The officer then asked to see the engine room. Since the engine was running, Ron brought up the subject of ear protection, as he doesn’t like folks going into the engine room without it and we have only one set of ear muffs. She had no ear protection, so we satisfied the engine room inspection by showing it on our engine room camera, which fortunately can zoom and pan.

Meanwhile the junior crew member copied down all our information, and checked us with the mother ship via radio. Duet is a Coast Guard documented vessel, so she has a Coast Guard number, as well as a MMSI (Marine Mobile Service Identity) for emergencies. She also has licenses for her SSB radio and for Captain Ron to operate it. These are not required in the US, but since we plan to visit foreign countries, we figured we would get them now. Our documentation was in good order.

Funnily enough, they didn’t inspect our flares or life raft, just our life jackets. Nancy, who had carefully sorted out all the flares, as we keep them all, even if they are expired, was disappointed, but apparently we were “inshore” and so did not need flares. They did count life jackets, but since there were only the two of us aboard and we had our Mustang Survival auto inflating jackets hanging in the pilothouse locker, we were OK there.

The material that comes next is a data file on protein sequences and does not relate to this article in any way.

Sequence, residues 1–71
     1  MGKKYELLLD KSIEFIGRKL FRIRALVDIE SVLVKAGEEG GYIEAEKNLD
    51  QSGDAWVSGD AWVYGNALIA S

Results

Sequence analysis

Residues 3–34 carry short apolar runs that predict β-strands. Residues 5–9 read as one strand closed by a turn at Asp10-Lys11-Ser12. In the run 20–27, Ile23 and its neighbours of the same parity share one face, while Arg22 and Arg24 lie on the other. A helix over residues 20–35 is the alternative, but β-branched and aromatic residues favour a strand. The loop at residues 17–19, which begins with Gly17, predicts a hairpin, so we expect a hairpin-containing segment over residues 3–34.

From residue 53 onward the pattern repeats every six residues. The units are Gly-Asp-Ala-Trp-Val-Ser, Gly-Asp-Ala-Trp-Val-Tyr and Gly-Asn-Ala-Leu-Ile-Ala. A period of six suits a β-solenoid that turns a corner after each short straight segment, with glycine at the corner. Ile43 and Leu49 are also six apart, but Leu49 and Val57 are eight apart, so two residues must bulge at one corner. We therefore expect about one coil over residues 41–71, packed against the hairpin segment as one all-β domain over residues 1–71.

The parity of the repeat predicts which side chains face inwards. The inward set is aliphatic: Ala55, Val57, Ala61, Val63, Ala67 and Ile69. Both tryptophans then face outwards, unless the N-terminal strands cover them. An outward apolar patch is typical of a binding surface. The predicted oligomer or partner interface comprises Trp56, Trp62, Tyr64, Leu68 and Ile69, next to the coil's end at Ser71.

The Coast Guard departed on good terms, after about 20 minutes. The boarding of the inflatable was even more hair raising than the boarding of Duet, Nancy was only hoping their mother ship was able to assist, as she really didn’t want to go in the water if one of them fell in. Nancy did consult a retired Coast Guardsman, whom she swims with back home, about this practice. He said that boarding vessels underway is a macho thing, and he wasn’t at all surprised that they did it this way.

Fortunately, this experience didn’t slow us down much, although it did give Nancy a great opportunity to say “I told you so”. Having been married for many years, she didn’t and got Captain Ron tea and a cookie instead. Duet rumbled on, and we arrived in Poulsboro without further incident. There we offloaded the dinghy, with no fanfare thanks to the new davit, and went ashore for ice cream, which we felt we deserved after all this excitement.

During our stay at Poulsboro, Ron installed the new aft anchor roller. We held our breaths during testing, but it worked like a charm. The hook came up, the aft end of it tried to lift, the aft roller kept the chain down, and the hook, with a loud thump, came up onto the roller without further ado. We tested it multiple times, same result. So Ron judged it fixed, but kept it on the watch list.

New anchor system

The chain, in the meantime, still wasn’t playing well with the gypsy. A close examination of the chain noted that it was stamped G43, which according to the research materials we had access to, is the same as G40, which is what we thought we had. So we decided to discuss this with Jeff on our return.

We returned to Seattle several days later. Again, our time on Duet was far too short, but we were pleased with the results of our new gear installations, and were much looking forward to returning Memorial Day week.